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Review Checker and Vine Voice

Making moves

(I posted this on reddit earlier today, but was informed I would be better served to post it here.)


Although I have been a long-time FF user, today I saw for the first time the implementation of Review Checker. As a member of the Amazon Vine Voice program I was eager to see how the program's (ie, Review Checker) creators had approached reviews from folks like myself. To say I was unimpressed would be an understatement.

Whatever prejudices the human creators of the so-called AI driving this feature transferred to the code should be re-evaluated. Whether they're born of ignorance or malice or some combination in between, the entire purpose of the program must be called into question if such an important part of the Amazon review process is in error.

Specifically, what I found was any product page that had more than a couple of Vine Voice reviews received an F. It is statistically improbable that so many products could contain so many reviews with the assumption that those reviews were somehow tainted with criteria which calls their veracity into question. So, in an effort to offer some factual basis from which to begin, allow me to explain the program.

  1. No one outside of Amazon knows how the algorithms are structured which identify those who get an invite. I am a retired Physician Assistant who has grandchildren and typically very busy on projects in and around our home. I like to stay busy. Through the years I submitted many reviews for many different products (and, ironically, those reviews would pass muster under your stated FAQs even though they are no different than how I do things now).

  2. There are two levels, silver and gold. Silver level is the ability to pick three items per day none of which can exceed $100. Gold level can choose 8 items per day for any amount. We have no idea how many or which products are going to be available. Sometimes it's 30,000, sometimes twice that much. Everyone is placed on silver level for six months then, if they meet certain criteria, can choose to go to gold level.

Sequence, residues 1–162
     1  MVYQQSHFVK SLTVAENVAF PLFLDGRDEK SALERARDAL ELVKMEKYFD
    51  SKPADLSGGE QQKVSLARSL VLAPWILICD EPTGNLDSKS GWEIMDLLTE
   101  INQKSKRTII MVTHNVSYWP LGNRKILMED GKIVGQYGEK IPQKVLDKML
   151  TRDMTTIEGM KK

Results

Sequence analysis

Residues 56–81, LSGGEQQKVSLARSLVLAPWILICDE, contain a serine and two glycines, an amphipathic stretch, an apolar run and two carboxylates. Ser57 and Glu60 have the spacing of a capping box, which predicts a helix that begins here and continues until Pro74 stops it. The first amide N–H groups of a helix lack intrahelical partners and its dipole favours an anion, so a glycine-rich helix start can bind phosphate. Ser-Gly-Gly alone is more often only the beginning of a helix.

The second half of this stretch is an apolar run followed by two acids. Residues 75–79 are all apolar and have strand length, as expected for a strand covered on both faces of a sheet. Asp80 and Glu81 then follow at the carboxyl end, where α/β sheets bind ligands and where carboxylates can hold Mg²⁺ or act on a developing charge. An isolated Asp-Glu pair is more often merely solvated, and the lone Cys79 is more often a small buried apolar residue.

3. At no time are we ever influenced as to how we should rate an item. I have given out plenty of 1 and 2 star reviews if the product warrants that rating. Also, just like anyone else, we can later edit or annotate a review if the product fails or develops a problem. I have done that several times. If a seller attempts to contact us (which they do, but only rarely) about a low review, we are instructed to not communicate with them and they can be disciplined by Amazon if they persist. To the seller, the product is shipped just as it is to a regular customer. So there is no, nada, zilch influence from any seller for any item.

  4. When free is not free. When one sees a VV review they will be notified that the item was "free" to the reviewer. This is and is not correct. From Amazon's point of view it is correct, which they use as write-offs for tax purposes. But for the member reviewers, we must agree to receive an IRS tax form which shows the item amounts as taxable income. While it is true we don't pay full price, we do have to keep self-employed business records and are responsible for paying tax on that income.

  5. Reviews are a cut above. Here's the irritating rub at Review Checker. My reviews are thorough and they almost always include pictures to help with spatial understanding, instructions, points of interest, flaws, poor machining or construction, proper use, etc. Occasionally I will use videos as do other members. I can't vouch for all VV members and I realize some do the bare minimum to stay in the program, but to stereotype all of us is exceptionally lazy thinking.

I would end by stating and reiterating--if you don't make appropriate changes in the AI programming you might as well just trash it as it is misguiding and misleading people and cannot and should not be considered a dependable source of reference.